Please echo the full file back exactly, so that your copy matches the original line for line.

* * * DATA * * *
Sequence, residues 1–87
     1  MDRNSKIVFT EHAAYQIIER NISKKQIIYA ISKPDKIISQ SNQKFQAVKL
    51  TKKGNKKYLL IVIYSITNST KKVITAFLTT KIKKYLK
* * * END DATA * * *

Sequence, residues 1–87
     1  MDRNSKIVFT EHAAYQIIER NISKKQIIYA ISKPDKIISQ SNQKFQAVKL
    51  TKKGNKKYLL IVIYSITNST KKVITAFLTT KIKKYLK